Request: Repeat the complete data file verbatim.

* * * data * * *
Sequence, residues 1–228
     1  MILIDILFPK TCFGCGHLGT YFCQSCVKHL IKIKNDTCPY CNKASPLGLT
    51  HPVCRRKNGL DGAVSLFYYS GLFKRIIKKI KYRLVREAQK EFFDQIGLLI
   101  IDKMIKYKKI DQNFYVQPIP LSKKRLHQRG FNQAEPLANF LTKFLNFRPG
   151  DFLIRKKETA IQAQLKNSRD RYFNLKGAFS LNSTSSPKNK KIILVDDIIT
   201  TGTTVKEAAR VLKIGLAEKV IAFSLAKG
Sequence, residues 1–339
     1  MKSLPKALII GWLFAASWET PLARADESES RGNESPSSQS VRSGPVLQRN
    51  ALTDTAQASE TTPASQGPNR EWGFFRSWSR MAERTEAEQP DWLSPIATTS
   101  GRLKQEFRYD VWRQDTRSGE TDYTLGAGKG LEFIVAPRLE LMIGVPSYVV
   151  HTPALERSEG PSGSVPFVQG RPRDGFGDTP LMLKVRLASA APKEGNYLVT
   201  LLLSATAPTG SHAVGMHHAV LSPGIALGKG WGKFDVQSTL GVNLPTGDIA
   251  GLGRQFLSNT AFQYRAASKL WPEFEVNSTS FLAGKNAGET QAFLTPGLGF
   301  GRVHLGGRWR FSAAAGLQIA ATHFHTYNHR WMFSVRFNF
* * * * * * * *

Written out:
Sequence, residues 1–228
     1  MILIDILFPK TCFGCGHLGT YFCQSCVKHL IKIKNDTCPY CNKASPLGLT
    51  HPVCRRKNGL DGAVSLFYYS GLFKRIIKKI KYRLVREAQK EFFDQIGLLI
   101  IDKMIKYKKI DQNFYVQPIP LSKKRLHQRG FNQAEPLANF LTKFLNFRPG
   151  DFLIRKKETA IQAQLKNSRD RYFNLKGAFS LNSTSSPKNK KIILVDDIIT
   201  TGTTVKEAAR VLKIGLAEKV IAFSLAKG
Sequence, residues 1–339
     1  MKSLPKALII GWLFAASWET PLARADESES RGNESPSSQS VRSGPVLQRN
    51  ALTDTAQASE TTPASQGPNR EWGFFRSWSR MAERTEAEQP DWLSPIATTS
   101  GRLKQEFRYD VWRQDTRSGE TDYTLGAGKG LEFIVAPRLE LMIGVPSYVV
   151  HTPALERSEG PSGSVPFVQG RPRDGFGDTP LMLKVRLASA APKEGNYLVT
   201  LLLSATAPTG SHAVGMHHAV LSPGIALGKG WGKFDVQSTL GVNLPTGDIA
   251  GLGRQFLSNT AFQYRAASKL WPEFEVNSTS FLAGKNAGET QAFLTPGLGF
   301  GRVHLGGRWR FSAAAGLQIA ATHFHTYNHR WMFSVRFNF